SCHUBERT: Schwanengesang, D. 957; Auf dem Strom; Die Sterne – Mark Padmore, tenor/ Paul Lewis, piano/ Richard Watkins, horn – Harmonia mundi 907520, 67:25 ****:
Schubert’s Swan Song Schwanengesang—rather ironic in the title—was probably not intended as a song cycle at all. His publisher wanted to make one last Schubertian present to the world, and culled together the songs by three separate composers who were the unwitting contributors to the piece: Ludwig Rellstab (1799–1860), Heinrich Heine (1797–1856) and Johann Gabriel Seidl (1804-1875). The poems are not thematically linked but generally speak of those old favorite romantic topics like unrequited love, beauty, longing, etc.
Following the success of the two previous issues by Padmore and Lewis (Die Schone Mullerin and Winterreise) they have embarked on the third and final of the “great” Schubert cycles; I am happy to report that the results are every bit as good as the previous issues. The wonderful “Standchen” is as gorgeously rendered as any I have ever heard, while we feel the pangs of the distant boatman as he views through the mist the place where he lost his true love in “Die Stadt”. Lewis if of course a sensation at the moment and one gets perhaps a little more of a forceful accompaniment that was common fifty years ago, and all to the good. But Padmore, tackling a work that some feel is more appropriate to the baritone voice (why I don’t know) is able to match his pianist in determination and persuasion every inch of the way, offering a performance of great flair and expressivity. Those looking for a modern Swan Song have found a safe harbor in this delicious issue.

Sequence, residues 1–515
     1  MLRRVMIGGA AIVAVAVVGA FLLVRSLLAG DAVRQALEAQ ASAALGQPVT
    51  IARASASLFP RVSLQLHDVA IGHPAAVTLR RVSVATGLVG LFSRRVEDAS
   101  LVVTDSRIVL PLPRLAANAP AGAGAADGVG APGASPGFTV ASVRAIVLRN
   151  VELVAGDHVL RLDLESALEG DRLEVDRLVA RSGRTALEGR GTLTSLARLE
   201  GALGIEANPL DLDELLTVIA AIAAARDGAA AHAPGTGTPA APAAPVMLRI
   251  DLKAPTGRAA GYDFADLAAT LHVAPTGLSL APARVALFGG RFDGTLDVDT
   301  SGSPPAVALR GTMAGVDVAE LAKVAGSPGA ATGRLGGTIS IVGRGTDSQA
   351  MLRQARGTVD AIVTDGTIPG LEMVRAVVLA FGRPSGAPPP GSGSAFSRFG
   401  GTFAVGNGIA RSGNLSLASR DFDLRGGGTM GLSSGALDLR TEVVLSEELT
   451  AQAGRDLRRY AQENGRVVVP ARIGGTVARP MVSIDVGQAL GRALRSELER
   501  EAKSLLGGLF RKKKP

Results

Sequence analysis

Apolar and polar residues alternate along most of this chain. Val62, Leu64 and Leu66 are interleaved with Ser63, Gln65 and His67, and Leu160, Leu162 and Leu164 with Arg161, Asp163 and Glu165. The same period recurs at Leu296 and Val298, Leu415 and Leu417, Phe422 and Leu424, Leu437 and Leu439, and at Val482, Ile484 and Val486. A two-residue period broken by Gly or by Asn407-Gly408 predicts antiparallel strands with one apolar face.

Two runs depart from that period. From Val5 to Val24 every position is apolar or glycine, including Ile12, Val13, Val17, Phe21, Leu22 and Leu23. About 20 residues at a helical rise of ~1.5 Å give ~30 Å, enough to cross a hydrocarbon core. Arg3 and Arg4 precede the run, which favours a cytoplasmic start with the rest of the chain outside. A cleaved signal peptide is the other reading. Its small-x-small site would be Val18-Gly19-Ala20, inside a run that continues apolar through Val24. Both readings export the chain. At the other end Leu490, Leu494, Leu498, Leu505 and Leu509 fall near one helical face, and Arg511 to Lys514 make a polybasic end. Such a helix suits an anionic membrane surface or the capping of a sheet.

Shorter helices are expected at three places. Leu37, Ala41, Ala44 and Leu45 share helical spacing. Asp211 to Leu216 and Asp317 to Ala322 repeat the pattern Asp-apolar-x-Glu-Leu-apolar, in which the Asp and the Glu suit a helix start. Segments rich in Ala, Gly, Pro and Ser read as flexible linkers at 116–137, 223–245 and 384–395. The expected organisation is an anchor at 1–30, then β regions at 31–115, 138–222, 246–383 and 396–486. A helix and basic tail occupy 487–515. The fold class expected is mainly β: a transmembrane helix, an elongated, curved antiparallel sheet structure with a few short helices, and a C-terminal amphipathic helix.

The two additional songs make for a nice addition, both penned later in the year after Schwanengesang, “Auf dem Strom” especially interesting because of its scoring for tenor, horn, and piano.
Different versions of Bruckner Symphony No. 4